Religion on politics

Separation of church and state in the United States In the s in New England the dominant Federalist Party was closely linked to the Congregational church ; when the party collapsed, the church was disestablished.

Religion on politics

Before the whistle blows for the first time this year and the football goes tumbling through the air, there will be an act dripping with political significance. It will come even before the singer takes the field and thousands stand with hand over heart, keeping one eye on the flag and one eye on the field, scanning for players who might be kneeling or raising their fist.

And it will probably come during and after, too. That act is prayer. The participants may not think of it as political; they may be praying only for safety or inner peace or to draw near to their God. But when prayer and football intersect in highly visible ways, those moments—and the conversation around those moments—go beyond personal devotion, revealing and reflecting ongoing battles over the direction of American society and the meaning of American life.

From pre-game invocations to post-game huddles, from touchdown celebrations to protests during the national anthem, prayer pervades football. We can begin where American football began in the late nineteenth century: At the time, many were suspicious of the new game for its brutality and its tendency to divert attention from education.

But some white, male, Anglo-Saxon Protestants saw the game as a godsend. For them, football provided a way to develop the physical and moral characteristics needed to maintain their authority at home in an age of immigration and extend it abroad in an age of American imperialism.

By practicing and publicizing football-related prayer, they provided the game with moral gravitas fit for future leaders. He concluded his essay with a glimpse of the victorious Princeton locker room. It depicted Earl Dodge, a football captain from the class ofwearing his football uniform with an academic gown over his shoulder and books in his left hand—an elite white Protestant male with the physical, moral, and intellectual qualities to conquer and lead subject people at home and abroad.

The statue did not stand for long. Disillusioned by World War I and enthralled with consumer culture, in the s students at prestigious northeastern schools adopted more cynical attitudes towards faith. It was repeatedly defaced by drunk Princeton students, until finally at the end of the decade it was sent to storage for safekeeping.

But just as the public blending of football and prayer was cast off in the Ivy League, it was championed by less prestigious colleges. These underdogs saw prayer as a way to cultivate community pride and stake a claim for importance in mainstream American life.

Religion on politics

The team began receiving widespread attention for its habit of pre-game prayer in Two years later the attention intensified when the Praying Colonels went north and shocked heavily favored Harvard,marking the arrival of white southern football on the national stage.

Along with the white South, prayer in the s also became associated with Notre Dame, the most dominant team of the decade. It was a way to assert Catholic confidence in the midst of Protestant hostility, a means of claiming a place in a country that had long been dominated by Protestant leadership.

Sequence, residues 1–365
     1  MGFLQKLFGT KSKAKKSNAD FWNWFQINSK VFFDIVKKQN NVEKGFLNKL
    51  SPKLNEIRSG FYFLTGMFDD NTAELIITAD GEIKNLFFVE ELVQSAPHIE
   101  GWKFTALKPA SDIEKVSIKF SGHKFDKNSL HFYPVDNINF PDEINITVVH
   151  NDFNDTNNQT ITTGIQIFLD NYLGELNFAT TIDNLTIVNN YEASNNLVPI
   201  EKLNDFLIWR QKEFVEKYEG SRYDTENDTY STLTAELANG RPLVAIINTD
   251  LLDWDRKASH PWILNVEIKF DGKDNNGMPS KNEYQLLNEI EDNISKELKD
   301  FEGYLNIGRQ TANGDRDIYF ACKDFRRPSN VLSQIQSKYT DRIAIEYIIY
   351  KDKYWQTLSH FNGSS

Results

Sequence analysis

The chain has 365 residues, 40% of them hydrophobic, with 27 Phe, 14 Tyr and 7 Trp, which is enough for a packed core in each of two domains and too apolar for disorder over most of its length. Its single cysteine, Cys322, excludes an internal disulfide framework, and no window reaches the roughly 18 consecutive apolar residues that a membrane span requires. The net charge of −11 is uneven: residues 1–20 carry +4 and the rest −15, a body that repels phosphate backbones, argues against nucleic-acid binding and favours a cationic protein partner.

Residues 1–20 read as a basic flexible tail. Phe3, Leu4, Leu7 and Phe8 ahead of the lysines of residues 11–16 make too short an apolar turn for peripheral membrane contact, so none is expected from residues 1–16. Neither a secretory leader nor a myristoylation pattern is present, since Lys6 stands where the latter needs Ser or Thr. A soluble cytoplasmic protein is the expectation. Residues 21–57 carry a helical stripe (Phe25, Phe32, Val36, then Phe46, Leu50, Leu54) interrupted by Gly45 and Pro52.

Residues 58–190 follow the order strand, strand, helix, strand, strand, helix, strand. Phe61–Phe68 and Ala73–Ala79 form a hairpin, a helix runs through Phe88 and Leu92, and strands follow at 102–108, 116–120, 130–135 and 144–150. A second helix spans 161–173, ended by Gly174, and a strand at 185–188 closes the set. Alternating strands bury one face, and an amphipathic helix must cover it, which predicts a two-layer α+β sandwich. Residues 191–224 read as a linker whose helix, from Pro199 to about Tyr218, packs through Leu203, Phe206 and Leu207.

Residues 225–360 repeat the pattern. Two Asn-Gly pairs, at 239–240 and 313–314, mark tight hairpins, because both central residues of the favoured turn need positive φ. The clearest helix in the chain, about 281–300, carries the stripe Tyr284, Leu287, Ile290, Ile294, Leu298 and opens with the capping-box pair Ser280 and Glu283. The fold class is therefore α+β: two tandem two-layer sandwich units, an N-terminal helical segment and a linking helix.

Yet, whiteness remained constant. Notre Dame, like its southern counterparts, had no black players or students at the time. After World War II, prayer in football went national, stretching from coast to coast.

Faith in God was promoted as an antidote to atheistic communism, while faith in football was promoted as a way to develop men who could lead America in its worldwide battle for freedom. Colleges and high schools increasingly opened their games with prayers recited over the public address system—the University of Oklahoma, for example, began the practice in And in the professional ranks, grown men began to pray in more public ways as well.

The National Football League NFLfounded inhad lacked the middle- and upper-class respectability of college football for its first three decades. In the s, however, as professional football moved closer to the American mainstream, praying pros gained greater attention and political significance.

Dan Towler, a black running back for the Los Angeles Rams, earned publicity in for leading his team in a pre-game prayer. He later re-enacted the scene in a Hollywood football movie. That Towler received widespread attention for leading white teammates in prayer reflected a Cold War-era desire to promote racial harmony, at least in theory.

White Cleveland Browns quarterback Otto Graham echoed this desire when he spoke about the importance of prayer on his integrated team. But by the s, the supposed consensus of the s disintegrated when confronted with the hard reality of American inequality and division.

Gestures and symbols of inclusion, it turned out, did not change the situation on the ground. Still, prayer in football did not go away. Instead, it became ever more conspicuous as a new group emerged as the standard-bearer of gridiron piety: While evangelicals were certainly interested in using prayer to support religious nationalism, they added a new twist, turning football prayers into advertisements for the born-again brand of faith.

Don Shinnick, an outspoken evangelical and a star linebacker for the Baltimore Colts in the s, illustrates this shift.

Religion on politics

So he created a new routine. First, he encouraged teammates to pray on their own.

12 Rules for Mixing Religion and Politics | People For the American Way

PAO leaders facilitated a system of voluntary pre-game chapels, usually featuring a guest speaker who offered a short message and prayer.

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Religion and politics in the United States - Wikipedia